Two recent deadly air incidents show why the Federal Aviation Administration must not give in to political pressure and roll back safety standards, Senate Minority Leader Charles Schumer said during a local visit.
Schumer referred to the recent mid-air explosion of an engine which led to the death of a Southwest Airlines passenger. He also referred to a recent tourist helicopter crash in New York City's East River.
But the New York Democrat also looked to updated air safety regulations passed following an intensive lobbying effort by the families of victims of Flight 3407, which crashed in Clarence in 2009.
"They're still at it. I met with them about a month ago in Washington," Schumer said. "These airlines are trying to undo the regulations. I don't know if they (FAA) have learned their lesson from 3407."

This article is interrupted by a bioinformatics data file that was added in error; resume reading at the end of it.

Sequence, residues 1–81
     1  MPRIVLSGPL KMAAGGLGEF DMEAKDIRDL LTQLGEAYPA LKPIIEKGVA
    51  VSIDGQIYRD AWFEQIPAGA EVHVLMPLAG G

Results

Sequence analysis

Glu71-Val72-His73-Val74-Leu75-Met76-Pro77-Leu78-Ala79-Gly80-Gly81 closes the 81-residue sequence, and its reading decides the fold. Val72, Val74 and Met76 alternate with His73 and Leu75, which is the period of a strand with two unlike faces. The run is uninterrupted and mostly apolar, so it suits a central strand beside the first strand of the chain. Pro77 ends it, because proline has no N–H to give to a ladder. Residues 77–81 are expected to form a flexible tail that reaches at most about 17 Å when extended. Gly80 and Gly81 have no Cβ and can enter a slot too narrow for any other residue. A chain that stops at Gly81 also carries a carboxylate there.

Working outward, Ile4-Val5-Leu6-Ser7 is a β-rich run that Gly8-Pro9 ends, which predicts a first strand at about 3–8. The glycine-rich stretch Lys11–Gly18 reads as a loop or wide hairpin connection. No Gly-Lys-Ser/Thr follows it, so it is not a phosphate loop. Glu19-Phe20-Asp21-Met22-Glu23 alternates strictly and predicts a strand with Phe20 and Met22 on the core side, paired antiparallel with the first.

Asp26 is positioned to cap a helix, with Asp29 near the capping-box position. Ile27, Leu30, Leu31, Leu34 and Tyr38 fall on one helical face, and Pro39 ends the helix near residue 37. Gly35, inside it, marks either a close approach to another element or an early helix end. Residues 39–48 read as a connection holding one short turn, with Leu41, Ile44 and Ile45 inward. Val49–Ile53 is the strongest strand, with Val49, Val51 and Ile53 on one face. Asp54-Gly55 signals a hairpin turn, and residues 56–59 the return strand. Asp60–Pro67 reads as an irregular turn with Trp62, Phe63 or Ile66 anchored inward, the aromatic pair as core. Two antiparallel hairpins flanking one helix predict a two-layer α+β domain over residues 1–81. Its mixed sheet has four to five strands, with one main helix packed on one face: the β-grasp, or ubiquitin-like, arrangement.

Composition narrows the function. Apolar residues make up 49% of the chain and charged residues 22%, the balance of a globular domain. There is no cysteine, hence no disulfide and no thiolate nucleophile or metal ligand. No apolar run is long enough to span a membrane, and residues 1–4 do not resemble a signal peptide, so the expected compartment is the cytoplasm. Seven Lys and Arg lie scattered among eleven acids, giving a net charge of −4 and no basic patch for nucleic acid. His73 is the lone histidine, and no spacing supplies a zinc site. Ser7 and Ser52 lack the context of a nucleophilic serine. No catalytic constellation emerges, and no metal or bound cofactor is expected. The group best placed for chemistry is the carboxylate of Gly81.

Those rules include more mandatory flight experience - a minimum 1,500 hours - before pilots may be allowed to operate a commercial passenger jet. Airlines are among those lobbying to roll back that rule, arguing it has made hiring pilots more difficult.
"They say they can't get enough pilots. I say when your starting salary is $21,000, of course you're not going to get enough pilots," Schumer said in response to those claims.
The Federal Aviation Administration has ordered the inspection of more than 300 jet engines, engines similar to the one aboard a Southwest Airlines-operated Boeing 737 which exploded mid-flight, showering the fuselage and breaking a window, leading to a passenger being partially sucked out from the inside. Her injuries were fatal.
The senator says flying, in general remains safe but the FAA must not become complacent.
"The FAA's got to get with it. I've called on the FAA to re-up their safety regimen," Schumer said. "Everyone wants to fly. Don't get me wrong, it's still safe to fly. I fly all the time. But safety has to come number one."